Salakphet temple

To get back on the main road you can either head back past the temple and then follow the turn off for Salakphet Seafood or take the short cut – the narrow paved road near a telecoms tower.

An interesting detour on the way through the village is the mangrove walkway. As you pass the temple, you’ll notice a paved road leading off to the left. Follow this, head over the wooden bridge and follow the paved toad to the end, then follow the dirt track.  If you follow the concrete electric poles you wont get lost. The track heads past a large prawn farm on your right and ends at the start of the walkway.  This was rebuilt in 2013 and is a very pleasant walk through the mangroves and to the head of the bay.

There’s a small parking area at the start of the walkway and also an old information office and toilet block, both of which are falling into disrepair.  You’ll also need to watch your footing on the walkway itself.  It gets repaired every year or two when too many of the slats break.  But it’s from this walkway that you get one of my favourite views on Koh Chang.

This is of the sea of green about half way along the walkway.  You turn a corner and just get an awesome view across the mangroves to the hills in the distance.  Different hues of green in all directions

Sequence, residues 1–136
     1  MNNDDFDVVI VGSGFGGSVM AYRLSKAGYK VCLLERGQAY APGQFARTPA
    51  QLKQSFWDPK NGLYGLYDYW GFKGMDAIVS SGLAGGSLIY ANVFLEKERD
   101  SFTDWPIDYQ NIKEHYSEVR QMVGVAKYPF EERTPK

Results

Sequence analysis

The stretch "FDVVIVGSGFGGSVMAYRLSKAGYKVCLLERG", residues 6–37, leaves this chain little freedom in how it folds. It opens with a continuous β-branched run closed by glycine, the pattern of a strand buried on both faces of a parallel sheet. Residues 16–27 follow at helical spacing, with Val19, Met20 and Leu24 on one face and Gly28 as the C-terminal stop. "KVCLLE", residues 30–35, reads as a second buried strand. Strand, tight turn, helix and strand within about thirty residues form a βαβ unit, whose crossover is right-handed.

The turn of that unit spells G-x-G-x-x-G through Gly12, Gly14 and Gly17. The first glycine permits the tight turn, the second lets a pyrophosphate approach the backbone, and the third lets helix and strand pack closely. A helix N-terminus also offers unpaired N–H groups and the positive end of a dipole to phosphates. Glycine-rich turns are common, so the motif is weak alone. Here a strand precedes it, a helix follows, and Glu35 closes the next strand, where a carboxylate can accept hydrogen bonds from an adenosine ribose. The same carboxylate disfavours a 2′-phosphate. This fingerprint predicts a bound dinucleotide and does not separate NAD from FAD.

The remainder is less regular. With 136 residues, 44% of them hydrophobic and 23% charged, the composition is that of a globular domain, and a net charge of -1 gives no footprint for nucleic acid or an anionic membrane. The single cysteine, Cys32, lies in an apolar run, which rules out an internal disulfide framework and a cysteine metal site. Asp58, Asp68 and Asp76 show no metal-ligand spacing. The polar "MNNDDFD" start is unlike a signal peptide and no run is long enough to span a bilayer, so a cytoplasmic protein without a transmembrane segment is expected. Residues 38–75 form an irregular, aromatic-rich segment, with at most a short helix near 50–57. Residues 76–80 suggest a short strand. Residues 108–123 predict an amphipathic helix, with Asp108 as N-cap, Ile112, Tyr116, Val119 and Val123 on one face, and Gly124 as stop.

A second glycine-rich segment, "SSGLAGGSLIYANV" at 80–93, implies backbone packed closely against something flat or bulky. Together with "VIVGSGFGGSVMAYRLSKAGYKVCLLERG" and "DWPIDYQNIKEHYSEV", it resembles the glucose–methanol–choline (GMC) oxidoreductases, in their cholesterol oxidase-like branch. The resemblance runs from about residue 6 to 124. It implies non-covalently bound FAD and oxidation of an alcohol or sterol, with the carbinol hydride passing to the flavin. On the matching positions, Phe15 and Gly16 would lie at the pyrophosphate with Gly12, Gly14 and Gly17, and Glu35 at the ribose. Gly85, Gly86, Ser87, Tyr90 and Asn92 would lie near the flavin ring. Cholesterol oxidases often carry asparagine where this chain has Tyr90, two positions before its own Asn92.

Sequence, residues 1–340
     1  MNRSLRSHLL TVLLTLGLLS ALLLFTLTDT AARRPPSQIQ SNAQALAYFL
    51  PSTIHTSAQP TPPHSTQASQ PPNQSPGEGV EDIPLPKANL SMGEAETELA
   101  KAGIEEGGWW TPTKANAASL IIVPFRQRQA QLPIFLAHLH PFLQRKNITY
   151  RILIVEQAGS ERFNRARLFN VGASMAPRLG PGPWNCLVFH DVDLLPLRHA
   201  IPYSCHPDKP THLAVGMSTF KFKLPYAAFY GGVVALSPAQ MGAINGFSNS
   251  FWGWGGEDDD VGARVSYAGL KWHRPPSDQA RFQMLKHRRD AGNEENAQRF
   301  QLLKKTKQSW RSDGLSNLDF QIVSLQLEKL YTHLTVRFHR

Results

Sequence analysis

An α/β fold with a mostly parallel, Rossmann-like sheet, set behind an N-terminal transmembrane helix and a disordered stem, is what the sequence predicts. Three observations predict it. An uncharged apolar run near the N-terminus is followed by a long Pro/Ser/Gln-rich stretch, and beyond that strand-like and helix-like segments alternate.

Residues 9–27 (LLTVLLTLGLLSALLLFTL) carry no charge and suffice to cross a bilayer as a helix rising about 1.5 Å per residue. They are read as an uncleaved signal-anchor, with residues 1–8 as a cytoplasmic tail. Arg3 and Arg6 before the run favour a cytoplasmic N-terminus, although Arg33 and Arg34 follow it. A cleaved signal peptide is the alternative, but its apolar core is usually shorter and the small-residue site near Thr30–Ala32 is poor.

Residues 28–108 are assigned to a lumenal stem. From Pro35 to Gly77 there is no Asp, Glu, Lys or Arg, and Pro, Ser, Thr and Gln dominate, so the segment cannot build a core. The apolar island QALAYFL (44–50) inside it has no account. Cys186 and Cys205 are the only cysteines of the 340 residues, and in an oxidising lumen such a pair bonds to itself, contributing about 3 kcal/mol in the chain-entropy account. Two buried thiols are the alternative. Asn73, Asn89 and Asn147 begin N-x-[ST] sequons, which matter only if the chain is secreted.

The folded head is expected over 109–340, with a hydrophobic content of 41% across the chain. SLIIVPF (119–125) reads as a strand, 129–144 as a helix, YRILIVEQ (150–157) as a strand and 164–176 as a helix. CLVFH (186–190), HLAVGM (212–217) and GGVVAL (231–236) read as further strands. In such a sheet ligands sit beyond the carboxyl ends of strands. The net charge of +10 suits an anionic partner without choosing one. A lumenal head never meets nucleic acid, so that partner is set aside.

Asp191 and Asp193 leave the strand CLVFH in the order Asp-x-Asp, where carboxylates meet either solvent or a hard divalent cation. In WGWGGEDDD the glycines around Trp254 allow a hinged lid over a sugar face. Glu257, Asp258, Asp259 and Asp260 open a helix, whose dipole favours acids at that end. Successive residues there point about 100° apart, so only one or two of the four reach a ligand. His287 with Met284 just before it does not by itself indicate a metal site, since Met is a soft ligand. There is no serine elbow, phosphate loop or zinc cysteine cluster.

Having walked back along the walkway and headed back to the temple, you can pass through through Salakphet village, you’re now on the road to the village of Baan Rong Thian on the west coast of the bay. The road meanders along for a few km, passes the start of the still incomplete road to Bangbao, and terminates in the car park of a restaurant called Salakphet Seafood. Along the way you’ll see signs for a few small resorts and homestays.  It’s worth following a couple of the narrow concrete roads that lead off the main road to the left as these will take you to small fishing hamlets which are worth 10 minutes of your time to check out.

Also take a note of the garbage lying by the side of the road. You probably won’t see any. Now compare this to the west coast where you are bound to have seen and probably smelt piles of garbage and un-emptied bins by the roadside near your hotel.

Why the difference? Simple, the locals here keep their village clean whereas on the west coast most of the Thais aren’t locals and so there isn’t the sense of communal responsibility.  Also pay attention to the verges at the side of the road, in many areas around Salakphet these have been planted with flowers and bushes which make the roadside far more attractive than any you’ll find on the garbage strewn west coast roads.

Waterfalls

On the way down to Salakphet you’ll see signs for a couple of waterfalls – ‘Klong Neung’ and ‘Khiriphet’. Both have lovely narrow paved roads leading up to the entrance to the falls, the kind of small lanes that are really scenic. They are only a couple of kilometers in length but pass some locals’ houses, through fruit and coconut fields and end abruptly at the start of paths into the jungle.